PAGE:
Cindy McCain Takes Migraines to the Disability Forefront

Cindy McCain

Cindy McCain relaxes in her home in Phoenix, AZ. Image via Neurology Now May/June 2010 (Vol. 6, Iss. 3, p. 17)

Over the course of the past year, Cindy McCain, wife of Sen. John McCain, has spoken out, raised awareness, and even championed for a cure (a cure she promised would happen in her lifetime at the 14 Congress of the International Headache Society last August) for migraines. Through the course of speaking publicly about her migraines, Mrs. McCain has candidly referred to the condition as a “disability.”

What some media sources have called her “coming out”, Mrs. McCain’s public speaking on her migraine condition signified a monumental step for the poised Senator’s wife, who hadn’t even told her husband about her condition until 10 years ago.

Mrs. McCain’s secretive tendencies over her condition were spurned in large part to a borrage of doctors failing to take her severe headaches seriously, often labeling her a neurotic, over-stressed, and worthy of a simple aspirin remedy. As Mrs. McCain weighs in in an interview with Neurology Now (May/June 2010, Vol. 6, Iss. 3), “If I — as a prominent person — was being brushed off by doctors, what about the mother of four in a small rural community whose migraines are never taken seriously?”

During her public speaking, Mrs. McCain has spoken openly about remembering her grandmother suffering from “headaches,” a fact she and her doctor believe is an indicator of the genetic component of her migraines. McCain’s grandmother died before McCain was officially diagnosed with migraines. In fact, Mrs. McCain wasn’t diagnosed until she was 40, a decade after her migraines had actually developed, following her hysterectomy. Studies have shown that hormonal changes can bring about on migraines. McCain own migraines are accompanied by excruciating pain, auras, ringing in her ears, nausea, and even temporary loss of eye sight. All these symptons have been known to be linked to stroke in women, who are three times more likely to have them than men.

The financial implications of the costs of treatment for migraines cannot be ignored as its staggering expenses equally competes with the financial costs to that of some widely recognized disabilities. Mrs. McCain campaigned with these statistics at Capital hill last year, citing that migraine sufferers spent $20 billion dollars a year in lost work time and medical expenses; this compared to the $13 million dollars spent by Congress to research the “disease.” The World Health Organization also estimates that migraines cause more lost years of healthly life in the United States annually than multiple sclerosis, epilepsy, ovarian cancer, and tuberculosis combines. These kinds of staggering estimates means that research dollars spent on the aforementioned disorders is more than 117 times greater than that spent on migraine research (Childers, p 18)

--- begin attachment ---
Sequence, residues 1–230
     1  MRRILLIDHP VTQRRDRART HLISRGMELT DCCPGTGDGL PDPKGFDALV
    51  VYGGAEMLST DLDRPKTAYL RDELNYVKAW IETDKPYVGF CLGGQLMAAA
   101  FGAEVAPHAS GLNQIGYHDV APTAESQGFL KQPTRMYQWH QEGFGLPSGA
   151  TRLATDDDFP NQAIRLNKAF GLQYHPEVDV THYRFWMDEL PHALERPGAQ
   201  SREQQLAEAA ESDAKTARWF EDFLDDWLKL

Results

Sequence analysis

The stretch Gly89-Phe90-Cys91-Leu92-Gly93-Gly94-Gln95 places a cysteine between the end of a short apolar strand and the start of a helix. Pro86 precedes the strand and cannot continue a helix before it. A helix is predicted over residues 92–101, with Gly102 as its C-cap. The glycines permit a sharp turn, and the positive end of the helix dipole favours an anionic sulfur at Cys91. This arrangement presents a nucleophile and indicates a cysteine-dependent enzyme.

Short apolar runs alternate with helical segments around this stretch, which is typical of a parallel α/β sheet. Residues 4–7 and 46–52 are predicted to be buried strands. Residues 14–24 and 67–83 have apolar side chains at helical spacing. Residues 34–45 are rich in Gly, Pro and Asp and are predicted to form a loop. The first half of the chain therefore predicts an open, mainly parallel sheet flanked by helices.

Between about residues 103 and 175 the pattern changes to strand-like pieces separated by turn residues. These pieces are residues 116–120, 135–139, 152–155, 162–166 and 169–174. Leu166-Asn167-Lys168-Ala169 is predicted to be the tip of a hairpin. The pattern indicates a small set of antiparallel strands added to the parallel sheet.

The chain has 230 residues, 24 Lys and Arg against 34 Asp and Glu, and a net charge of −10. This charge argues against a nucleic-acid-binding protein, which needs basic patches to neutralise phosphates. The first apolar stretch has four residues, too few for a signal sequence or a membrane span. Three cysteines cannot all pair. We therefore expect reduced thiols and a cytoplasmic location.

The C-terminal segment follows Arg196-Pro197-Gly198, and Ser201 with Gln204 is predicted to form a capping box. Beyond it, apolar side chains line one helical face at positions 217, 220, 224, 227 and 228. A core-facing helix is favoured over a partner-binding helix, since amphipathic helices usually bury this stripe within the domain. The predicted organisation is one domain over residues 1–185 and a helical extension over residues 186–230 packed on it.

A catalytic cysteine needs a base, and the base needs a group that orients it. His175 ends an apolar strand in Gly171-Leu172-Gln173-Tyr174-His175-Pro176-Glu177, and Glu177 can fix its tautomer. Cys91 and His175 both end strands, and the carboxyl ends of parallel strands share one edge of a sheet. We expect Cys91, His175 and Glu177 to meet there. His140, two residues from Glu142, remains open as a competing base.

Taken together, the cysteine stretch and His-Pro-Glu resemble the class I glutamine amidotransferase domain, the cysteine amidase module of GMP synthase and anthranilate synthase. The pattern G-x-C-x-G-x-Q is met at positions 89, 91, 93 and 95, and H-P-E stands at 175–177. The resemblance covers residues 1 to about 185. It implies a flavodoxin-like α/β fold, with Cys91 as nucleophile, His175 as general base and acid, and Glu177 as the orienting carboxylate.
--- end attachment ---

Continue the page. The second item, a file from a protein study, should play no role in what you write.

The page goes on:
McCain stresses that while treatment for migraines has advanced significantly over the past ten years, the bigger battle to receving appropriate treament is proper diagnosis.

You can read more on migraines and McCain’s efforts for public awareness on the condition in her interview with Neurology Now, either via this article page (a printable version of the article is also available via this page), or in its printed format in Neurology Now, May/June 2010 Vol. 6 Iss. 3 (pg. 16-19).

For more information on migraines, what they are, how this affects disabilty rights, and where to turn to for help, visit M.A.G.N.U.M. or simply type migraines.org in your web browser.

Editors Note:
According to Dr. David, Dodick, M.D., professor of neurology at the Mayo Clinic in Scottsdale, A.Z., in an interview in Neurology Now (May/June 2010), a migraine is a headache usually described as “throbbing” or “pulsing”. It most commonly occurs on one side of the head and is felt to be coming from behind the eye., temple, or ear. Migraines can last anywhere from four to 72 hours. Some of the most common symptoms associates with migraines include sensitivity to light (photophobia) and/or sound (phonophobia), nausea, and vomiting.

For more information on the condition, or to find a neurologist or specialist skilled in diagnosis and management of headache disorders, contact the “American Headache Society (americanheadachesociety.org or 856-423-0043) or the American Council on Headache Education (achenet.org). You can also search online with the American Academy of Neurology’s “Find a Neurologist” tool at patients.aan.com/findaneurologist.

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2 comments so far

  1. Osupa Davis on

    I would like to contact Mrs. McCain to discuss some of the same issues and become a spokesperson in New York. I am so frustrasted and I would like to know if she has found any items that work.
    Please feel free to e-mail me.

    • DSS of GCCC on

      The article discussed in the post written in Neurology Now (links to the article and the journals website can be found within the post) does discuss some of the things that Mrs. McCain personally does to help with her own migraines. She also gives advice on how to find a specialist who practices in migraine science. We recommend reading the full article for this information and have provided the links needed to navigate there. As for contacting Mrs. McCain, we commend you in your ambitions and wish you the best. We personally believe that the best advocates you can have are yourself. We suggest contacting Neurology Now to see if they have any suggestions on how to get a hold of Mrs. McCain or any of the affiliations she may have in her fight for Migraine awareness. Good Luck!


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